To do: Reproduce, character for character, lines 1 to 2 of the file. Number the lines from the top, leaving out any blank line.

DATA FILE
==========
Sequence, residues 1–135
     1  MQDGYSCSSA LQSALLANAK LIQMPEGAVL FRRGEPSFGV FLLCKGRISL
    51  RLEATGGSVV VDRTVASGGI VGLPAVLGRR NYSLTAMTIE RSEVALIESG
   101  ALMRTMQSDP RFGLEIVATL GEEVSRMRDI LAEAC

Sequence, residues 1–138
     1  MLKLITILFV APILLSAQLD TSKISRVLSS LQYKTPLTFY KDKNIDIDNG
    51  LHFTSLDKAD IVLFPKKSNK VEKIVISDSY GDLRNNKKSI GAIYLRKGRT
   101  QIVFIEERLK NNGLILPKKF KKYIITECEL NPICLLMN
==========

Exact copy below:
Sequence, residues 1–135
     1  MQDGYSCSSA LQSALLANAK LIQMPEGAVL FRRGEPSFGV FLLCKGRISL